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  • Katie shared from Stardom: Industry of Desire by Christine Gledhill
    Through the use of cosmetic products, then, as well as through the purchasing and use of clothing, spectators take on a part of the stars identity and make it part of their own. The self and the ideal combine to produce another feminine identity, closer to the ideal. This
  • Katie shared from Stardom: Industry of Desire by Christine Gledhill
    Stars are thus identified with particular commodities which are part of the reproduction of feminine identities. The female spectators in these examples produce particular images of femininity which remind them of their favourite stars. In so doing they produce a new feminine identity, one which combines an aspect of the star with their own appearance. This is different from imitation, which is more of a temporary reproduction of a particular kind of behaviour which resembles the star. It transforms the spectators’ previous appearance, and in doing so offers the spectator the pleasure of close...
  • Katie shared from Stardom: Industry of Desire by Christine Gledhill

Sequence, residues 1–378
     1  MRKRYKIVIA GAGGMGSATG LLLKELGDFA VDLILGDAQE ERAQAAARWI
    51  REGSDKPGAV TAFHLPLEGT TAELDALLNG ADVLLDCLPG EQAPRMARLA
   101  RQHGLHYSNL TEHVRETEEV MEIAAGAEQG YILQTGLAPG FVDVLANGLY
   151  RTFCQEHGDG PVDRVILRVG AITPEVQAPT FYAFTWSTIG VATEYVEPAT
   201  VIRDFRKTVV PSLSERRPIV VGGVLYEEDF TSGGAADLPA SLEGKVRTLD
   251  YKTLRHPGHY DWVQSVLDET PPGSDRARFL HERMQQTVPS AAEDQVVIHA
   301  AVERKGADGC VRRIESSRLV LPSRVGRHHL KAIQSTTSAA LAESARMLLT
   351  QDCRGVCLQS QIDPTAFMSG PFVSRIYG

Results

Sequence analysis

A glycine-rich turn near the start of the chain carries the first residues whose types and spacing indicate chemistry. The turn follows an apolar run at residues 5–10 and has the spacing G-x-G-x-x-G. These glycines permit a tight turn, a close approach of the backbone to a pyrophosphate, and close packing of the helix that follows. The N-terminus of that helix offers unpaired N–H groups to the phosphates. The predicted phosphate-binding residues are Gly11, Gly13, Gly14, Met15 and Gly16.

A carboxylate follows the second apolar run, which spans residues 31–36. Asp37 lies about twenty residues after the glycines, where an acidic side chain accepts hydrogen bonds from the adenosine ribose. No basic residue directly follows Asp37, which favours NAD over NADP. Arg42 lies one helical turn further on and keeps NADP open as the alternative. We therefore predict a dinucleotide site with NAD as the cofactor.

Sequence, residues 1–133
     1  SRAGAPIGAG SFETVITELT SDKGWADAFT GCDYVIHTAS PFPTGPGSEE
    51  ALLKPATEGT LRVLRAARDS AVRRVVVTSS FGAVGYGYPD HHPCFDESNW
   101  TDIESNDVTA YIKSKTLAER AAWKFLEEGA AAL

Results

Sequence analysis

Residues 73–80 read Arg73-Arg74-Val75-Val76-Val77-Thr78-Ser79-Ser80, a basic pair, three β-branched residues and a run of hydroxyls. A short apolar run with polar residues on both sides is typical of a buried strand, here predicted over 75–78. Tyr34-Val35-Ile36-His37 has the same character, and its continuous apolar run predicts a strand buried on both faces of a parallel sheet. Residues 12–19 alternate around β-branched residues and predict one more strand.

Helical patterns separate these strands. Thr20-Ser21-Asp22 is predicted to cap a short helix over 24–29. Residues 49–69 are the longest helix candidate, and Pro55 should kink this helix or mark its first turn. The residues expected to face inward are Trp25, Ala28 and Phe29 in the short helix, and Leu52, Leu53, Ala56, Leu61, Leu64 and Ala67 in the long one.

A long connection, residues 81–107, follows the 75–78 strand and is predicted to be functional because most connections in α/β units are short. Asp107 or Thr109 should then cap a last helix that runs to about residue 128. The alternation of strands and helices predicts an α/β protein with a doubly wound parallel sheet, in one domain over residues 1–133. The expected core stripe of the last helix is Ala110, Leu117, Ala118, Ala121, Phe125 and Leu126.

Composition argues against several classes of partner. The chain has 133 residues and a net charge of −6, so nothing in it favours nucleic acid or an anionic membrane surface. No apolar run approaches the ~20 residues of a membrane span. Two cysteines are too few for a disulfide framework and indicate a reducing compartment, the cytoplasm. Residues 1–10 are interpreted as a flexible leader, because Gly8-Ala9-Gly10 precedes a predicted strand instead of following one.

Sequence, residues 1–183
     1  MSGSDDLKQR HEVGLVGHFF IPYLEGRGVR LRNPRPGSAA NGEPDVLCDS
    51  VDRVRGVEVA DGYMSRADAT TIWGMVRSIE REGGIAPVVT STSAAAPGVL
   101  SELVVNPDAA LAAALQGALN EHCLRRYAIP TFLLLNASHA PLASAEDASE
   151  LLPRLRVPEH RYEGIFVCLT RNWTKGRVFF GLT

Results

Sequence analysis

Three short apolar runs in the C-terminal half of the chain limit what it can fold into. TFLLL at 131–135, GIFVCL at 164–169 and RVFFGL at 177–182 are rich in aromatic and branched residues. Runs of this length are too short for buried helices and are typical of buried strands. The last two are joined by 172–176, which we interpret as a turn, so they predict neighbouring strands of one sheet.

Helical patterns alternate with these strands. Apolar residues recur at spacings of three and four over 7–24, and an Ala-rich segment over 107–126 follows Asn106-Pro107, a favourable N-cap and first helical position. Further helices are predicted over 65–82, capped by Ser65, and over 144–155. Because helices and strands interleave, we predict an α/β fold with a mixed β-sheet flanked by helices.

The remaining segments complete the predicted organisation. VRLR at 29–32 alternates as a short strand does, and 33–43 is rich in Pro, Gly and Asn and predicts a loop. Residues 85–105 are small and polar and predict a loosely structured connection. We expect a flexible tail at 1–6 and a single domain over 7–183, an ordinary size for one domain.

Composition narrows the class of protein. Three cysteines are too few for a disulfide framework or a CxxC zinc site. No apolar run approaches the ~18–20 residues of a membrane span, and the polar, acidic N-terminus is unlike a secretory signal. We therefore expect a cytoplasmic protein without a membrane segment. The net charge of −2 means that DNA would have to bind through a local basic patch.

The purchasing of items such as clothing and cosmetics in relation to particular stars brings into particularly sharp focus the relationship between the cinema industries and other forms of capitalist industry. Stars are consumable feminine images which female spectators then reproduce through other forms of consumption.
  • Katie shared from Stardom: Industry of Desire by Christine Gledhill
    Copying the hairstyles of famous film stars can be seen as a form of cultural production and consumption. It involves the production of a new self-image through the pleasure taken in a star image. In
  • Katie shared from Stardom: Industry of Desire by Christine Gledhill
    These forms of copying involve some kind of self-transformation to produce an appearance more similar to Hollywood stars. Some
(England)
Katie